Likewise, I would like to thank Thailand’s Office of the Narcotics Control Board (ONCB) for their long collaborative relationship with INL, particularly in the area of drug demand reduction. We look forward to a continued partnership over the coming years in the region as well as in international fora.

Finally, I extend special appreciation to all of the treatment and prevention professionals gathered here who will be formally joining ISSUP later this afternoon.

A network is only as strong as its membership. Over the coming years, this network will expand and grow broadly.

You should feel proud to be part of this movement, and to take an active role in its development.

Following this week’s activities, I hope that everyone here today will register on the website and contribute to the exchange of research and experiences.

Most importantly, we are excited by the prospects of a global community of professionals commonly oriented toward the same goals and relying on each other to impact their communities, their nations, and our world.

Thank you.


Hidden from view
Mathematicians formulate equations, bend light and figure out how to hide things

The idea of cloaking and rendering something invisible hit the small screen in 1966 when a Romulan Bird of Prey made an unseen, surprise attack on the Starship Enterprise on Star Trek. Not only did it make for a good storyline, it likely inspired budding scientists, offering a window of technology's potential.

Today, between illusionists who make the Statue of Liberty disappear to Harry Potter's invisibility cloak that not only hides him from view but also protects him from spells, pop culture has embraced the idea of hiding behind force fields and magical materials. And not too surprisingly, National Science Foundation (NSF)-funded mathematicians, scientists and engineers are equally fascinated and looking at how and if they can transform science fiction into, well, just science.

"Cloaking is about detection and rendering something--and the cloak itself--not detectable or seen," said Michael Weinstein, an NSF-funded mathematician at Columbia University. "An object is seen when waves are bounced off it and observed by a detector."

In recent years, researchers have developed new ways in which light can move around and even through a physical object, making it invisible to parts of the electromagnetic spectrum and undetectable by sensors. Additionally, mathematicians, theoretical physicists and engineers are exploring how and whether it's feasible to cloak against other waves besides light waves. In fact, they are investigating sound waves, sea waves, seismic waves and electromagnetic waves including microwaves, infrared light, radio and television signals.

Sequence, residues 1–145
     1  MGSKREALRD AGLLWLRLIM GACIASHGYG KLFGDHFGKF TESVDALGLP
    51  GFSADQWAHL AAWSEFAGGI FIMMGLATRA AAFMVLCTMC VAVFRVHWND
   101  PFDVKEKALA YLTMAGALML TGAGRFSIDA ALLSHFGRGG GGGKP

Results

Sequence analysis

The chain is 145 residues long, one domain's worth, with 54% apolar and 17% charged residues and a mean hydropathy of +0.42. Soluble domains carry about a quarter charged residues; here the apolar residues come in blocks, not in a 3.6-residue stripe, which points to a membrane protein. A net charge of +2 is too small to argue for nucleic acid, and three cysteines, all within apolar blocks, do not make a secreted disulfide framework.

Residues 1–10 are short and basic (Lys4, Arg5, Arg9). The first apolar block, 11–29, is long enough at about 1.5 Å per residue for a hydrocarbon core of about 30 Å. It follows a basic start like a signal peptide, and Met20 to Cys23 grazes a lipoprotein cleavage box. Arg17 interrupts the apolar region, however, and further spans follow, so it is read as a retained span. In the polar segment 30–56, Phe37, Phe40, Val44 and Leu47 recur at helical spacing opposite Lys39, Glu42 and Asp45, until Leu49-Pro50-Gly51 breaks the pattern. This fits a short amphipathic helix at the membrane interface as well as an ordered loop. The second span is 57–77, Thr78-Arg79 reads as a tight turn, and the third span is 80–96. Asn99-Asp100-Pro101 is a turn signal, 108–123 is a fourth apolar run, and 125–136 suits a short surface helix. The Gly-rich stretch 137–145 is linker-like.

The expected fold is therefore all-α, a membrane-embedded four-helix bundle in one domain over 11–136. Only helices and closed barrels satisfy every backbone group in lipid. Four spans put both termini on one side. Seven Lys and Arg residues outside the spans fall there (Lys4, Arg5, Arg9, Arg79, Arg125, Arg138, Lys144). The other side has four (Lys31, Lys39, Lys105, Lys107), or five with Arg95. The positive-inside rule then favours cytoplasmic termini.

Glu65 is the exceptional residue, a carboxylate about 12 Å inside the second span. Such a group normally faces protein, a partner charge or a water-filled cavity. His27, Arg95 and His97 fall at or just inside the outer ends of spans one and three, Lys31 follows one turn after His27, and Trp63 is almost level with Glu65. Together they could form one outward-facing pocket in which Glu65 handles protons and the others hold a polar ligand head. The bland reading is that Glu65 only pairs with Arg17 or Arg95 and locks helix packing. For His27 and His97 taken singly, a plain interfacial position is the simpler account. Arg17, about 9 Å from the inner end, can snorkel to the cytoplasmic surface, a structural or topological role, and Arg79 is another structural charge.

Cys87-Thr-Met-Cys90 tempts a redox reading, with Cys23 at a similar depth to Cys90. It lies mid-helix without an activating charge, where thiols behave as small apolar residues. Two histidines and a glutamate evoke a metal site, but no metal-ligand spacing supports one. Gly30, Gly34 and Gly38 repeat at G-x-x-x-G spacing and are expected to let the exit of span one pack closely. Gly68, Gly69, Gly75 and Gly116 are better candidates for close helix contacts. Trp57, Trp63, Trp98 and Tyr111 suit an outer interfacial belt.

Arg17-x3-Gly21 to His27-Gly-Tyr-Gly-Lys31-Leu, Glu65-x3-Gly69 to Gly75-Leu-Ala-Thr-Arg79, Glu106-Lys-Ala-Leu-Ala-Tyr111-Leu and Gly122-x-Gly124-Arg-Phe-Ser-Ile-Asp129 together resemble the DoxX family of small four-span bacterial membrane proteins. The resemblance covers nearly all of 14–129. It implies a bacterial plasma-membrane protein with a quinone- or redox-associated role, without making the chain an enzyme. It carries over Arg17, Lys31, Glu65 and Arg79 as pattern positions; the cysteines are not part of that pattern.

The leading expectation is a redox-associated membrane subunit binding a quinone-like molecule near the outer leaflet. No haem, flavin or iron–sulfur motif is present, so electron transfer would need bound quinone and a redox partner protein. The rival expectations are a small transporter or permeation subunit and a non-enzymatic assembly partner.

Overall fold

Successful outcomes have far-reaching results--like protecting deep-water oil rigs from earthquakes and vulnerable beaches from tsunamis.

Uncloaking cloaking's math and science history

Partial differential equations, coordinate invariance, wave equations--when you start talking to researchers about cloaking, it soon starts sounding a lot like math. And that's because at the very heart of this scientific question lies a mathematical one.

"There are very nice mathematical problems associated with this, and some of the ideas are mathematically very, very simple," said Michael Vogelius, NSF's division director for mathematical sciences and whose own research at Rutgers University has contributed significantly to this field. "But that doesn't mean they are simple to implement. In transformation cloaking the materials with the desired cloaking properties are found by singular or nearly singular change of variables in the energy expression--these material coefficients are sometimes referred to as the push-forward (or pull-back) of the original background. Basically, mathematicians ask, 'what do the equations have to look like to get this effect?' The thing that will be very hard--and is very hard--is to build these materials. They are singular in all kinds of ways."

That is why throughout cloaking research history, mathematicians, theoretical physicists and engineers have looked at the problem together.

According to Graeme Milton, an NSF-funded mathematician at the University of Utah, cloaking's start is rooted in math.

"Mathematicians and theoretical physicists basically had the idea independently for transformation-based cloaking," he said, adding that other mathematicians along the way--including himself--have taken the same wave equations and developed them further.

Milton and his collaborators created superlens cloaking, where cloaking occurs near lenses with capabilities far greater than traditional ones, and active exterior cloaking, where cloaking is created by active devices, and the cloak does not completely surround the object.

While cloaking has made considerable theoretical strides, its triumphs have been fairly limited for those awaiting real-world applications.